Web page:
Gilchrest Breaks With the GOP In Md. 1st District Endorsement

Frank M. Kratovil Jr., left, a Democrat, speaks with Rep. Wayne T. Gilchrest (R-Md.) before a news conference in which Gilchrest endorsed Kratovil.
Frank M. Kratovil Jr., left, a Democrat, speaks with Rep. Wayne T. Gilchrest (R-Md.) before a news conference in which Gilchrest endorsed Kratovil. (By Jacquelyn Martin -- Associated Press)
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By William Wan
Washington Post Staff Writer
Wednesday, September 3, 2008

U.S. Rep. Wayne T. Gilchrest, who lost a bitterly fought Republican primary in February, broke ranks with his party yesterday to endorse Democrat Frank M. Kratovil Jr. as the man who should take his place in Congress.

"I learned in the jungles of Vietnam the kind of person you want next to you," said Gilchrest, a veteran who served nine terms in Congress. "You want someone with competency, integrity and courage. To me, that's Frank Kratovil."

The race for Maryland's 1st District, which covers the Eastern Shore and straddles the Chesapeake Bay to include portions of Anne Arundel County, is drawing national attention. Democrats, who have promised to pour money and resources into the campaign, see it as a possible gain.

Kratovil, the Queen Anne's County state's attorney, said Gilchrest's endorsement, announced during a campaign stop at City Dock in Annapolis, is a sign that Republican state Sen. Andrew P. Harris (R-Baltimore County) is out of step with the district that is majority Democratic. He said Harris is more loyal to the conservative wing of the GOP than he is to constituents of the district.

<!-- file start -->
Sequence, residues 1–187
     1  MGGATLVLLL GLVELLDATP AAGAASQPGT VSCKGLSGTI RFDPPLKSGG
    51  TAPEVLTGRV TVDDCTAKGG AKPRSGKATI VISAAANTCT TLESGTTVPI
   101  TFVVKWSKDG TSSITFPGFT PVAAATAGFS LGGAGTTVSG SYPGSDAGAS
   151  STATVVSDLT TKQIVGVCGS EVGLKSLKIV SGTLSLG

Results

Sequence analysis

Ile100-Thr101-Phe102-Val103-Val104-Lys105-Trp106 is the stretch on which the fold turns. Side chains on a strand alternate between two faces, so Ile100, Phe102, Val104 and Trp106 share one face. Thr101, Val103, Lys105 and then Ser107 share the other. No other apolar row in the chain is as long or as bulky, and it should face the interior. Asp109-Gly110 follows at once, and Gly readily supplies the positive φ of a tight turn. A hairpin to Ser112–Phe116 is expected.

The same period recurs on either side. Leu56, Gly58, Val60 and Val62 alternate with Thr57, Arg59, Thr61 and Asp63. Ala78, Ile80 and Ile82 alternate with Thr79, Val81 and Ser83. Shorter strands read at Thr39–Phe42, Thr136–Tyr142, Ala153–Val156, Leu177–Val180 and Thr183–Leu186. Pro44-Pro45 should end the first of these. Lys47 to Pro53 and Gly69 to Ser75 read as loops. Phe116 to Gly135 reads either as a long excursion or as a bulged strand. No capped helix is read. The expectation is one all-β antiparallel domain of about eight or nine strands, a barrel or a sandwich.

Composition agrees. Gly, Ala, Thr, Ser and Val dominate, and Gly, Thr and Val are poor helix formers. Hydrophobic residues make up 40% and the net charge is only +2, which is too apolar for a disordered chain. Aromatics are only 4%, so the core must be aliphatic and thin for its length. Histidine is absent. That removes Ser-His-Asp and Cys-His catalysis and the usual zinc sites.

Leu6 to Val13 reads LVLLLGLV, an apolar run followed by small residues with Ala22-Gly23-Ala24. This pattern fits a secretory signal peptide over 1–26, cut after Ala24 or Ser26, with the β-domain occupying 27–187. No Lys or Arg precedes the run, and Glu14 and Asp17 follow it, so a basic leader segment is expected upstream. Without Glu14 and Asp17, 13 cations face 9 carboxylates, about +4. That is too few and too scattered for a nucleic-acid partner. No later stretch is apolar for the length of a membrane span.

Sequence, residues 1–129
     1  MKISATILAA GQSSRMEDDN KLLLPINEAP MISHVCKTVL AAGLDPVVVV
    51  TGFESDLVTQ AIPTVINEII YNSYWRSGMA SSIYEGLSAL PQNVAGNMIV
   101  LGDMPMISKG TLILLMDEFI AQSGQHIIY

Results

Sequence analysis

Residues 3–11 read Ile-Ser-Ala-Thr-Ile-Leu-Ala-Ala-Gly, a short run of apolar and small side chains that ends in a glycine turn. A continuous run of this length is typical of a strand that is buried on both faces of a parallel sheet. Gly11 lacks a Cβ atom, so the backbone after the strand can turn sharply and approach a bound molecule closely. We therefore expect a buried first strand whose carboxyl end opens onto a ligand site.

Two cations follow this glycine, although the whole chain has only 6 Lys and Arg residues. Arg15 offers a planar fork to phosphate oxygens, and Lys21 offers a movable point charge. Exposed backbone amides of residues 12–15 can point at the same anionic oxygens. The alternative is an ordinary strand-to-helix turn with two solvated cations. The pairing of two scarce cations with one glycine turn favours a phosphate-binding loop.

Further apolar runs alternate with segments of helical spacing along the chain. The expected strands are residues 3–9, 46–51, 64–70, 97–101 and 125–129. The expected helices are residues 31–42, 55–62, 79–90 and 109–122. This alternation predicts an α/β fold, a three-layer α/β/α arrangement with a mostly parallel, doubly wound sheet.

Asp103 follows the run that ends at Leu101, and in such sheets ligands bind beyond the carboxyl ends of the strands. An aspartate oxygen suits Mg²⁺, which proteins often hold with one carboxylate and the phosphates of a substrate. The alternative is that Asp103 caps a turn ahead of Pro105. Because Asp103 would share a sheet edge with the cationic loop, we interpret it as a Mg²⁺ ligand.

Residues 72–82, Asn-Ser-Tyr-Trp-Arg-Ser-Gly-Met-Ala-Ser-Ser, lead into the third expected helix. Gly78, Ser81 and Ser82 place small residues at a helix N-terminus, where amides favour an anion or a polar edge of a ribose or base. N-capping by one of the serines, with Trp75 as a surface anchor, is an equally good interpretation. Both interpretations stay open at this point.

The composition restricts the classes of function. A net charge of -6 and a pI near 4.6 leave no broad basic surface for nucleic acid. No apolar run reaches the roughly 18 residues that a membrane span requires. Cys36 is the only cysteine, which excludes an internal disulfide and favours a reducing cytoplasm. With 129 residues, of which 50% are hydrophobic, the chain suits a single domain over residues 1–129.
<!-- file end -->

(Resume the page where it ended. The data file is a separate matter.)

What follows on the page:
"People are tired of politicians making decisions based on politics and rhetoric handed to them by their party," said Kratovil, who called Harris an "ultra-right" candidate. "Were I facing a moderate and, in my view, reasonable Republican in this race, the congressman might not be standing here with me."

The GOP primary, marked by tough attack ads on television, left bruised feelings. Harris aides said he reached out at least eight times to Gilchrest after the election but the pair have yet to speak.

Yesterday, they said Gilchrest's endorsement showed Kratovil would mean business as usual in Congress.

"Andy got into the race after he saw Congress heading in the wrong direction," said Harris spokesman Chris Meekins. "He ran against an 18-year incumbent, which in itself shows a willingness to challenge the old and bring change. With Gilchrest's endorsement, Frank Kratovil obviously represents more of the same."

A moderate who frequently challenged party leaders, Gilchrest severely strained any remaining ties with the GOP with his endorsement. Maryland GOP Chairman James Pelura said that "many Republicans will view his decision as a betrayal."

Gilchrest said he made his decision to support Kratovil like he did all his votes in Congress, by thinking independently and probing the issues.

"I didn't make this decision out of bitterness," he said. "I made it based on Frank Kratovil's values and beliefs."

Political scientist Harry Basehart said the endorsement "may help Kratovil with the independents and moderate Republicans" but that "in the end, the effect of Gilchrest may hinge on how much he really does for Kratovil. Is it just an endorsement, or does it mean fundraisers and calls to voter lists?"

Kratovil aides said that Gilchrest will appear in a TV ad for Kratovil that will run on area cable channels during this week's GOP convention and that he will actively campaign for him until Election Day.

Although there are slightly more Democratic than GOP registered voters, the district has leaned conservative and has mostly voted Republican in national races. Experts watching this year's election are unsure how geographic loyalties will break: Kratovil and Gilchrest are from the Eastern Shore, and Harris is from Baltimore County, on the western side of the bay.

For his part, Harris is attracting the attention of GOP national leaders who recognize the district has become a battleground. Next week, former Massachusetts governor and presidential candidate Mitt Romney is headlining a $1,000-per-person fundraiser for Harris in Baltimore.

"It is still an uphill battle for Kratovil. This is a very conservative seat," said Michael J.G. Cain, a political science professor at St. Mary's College of Maryland. "But Gilchrest was very beloved in the district. This is definitely an arrow Kratovil needs in his quiver to try to overcome Harris's advantage."

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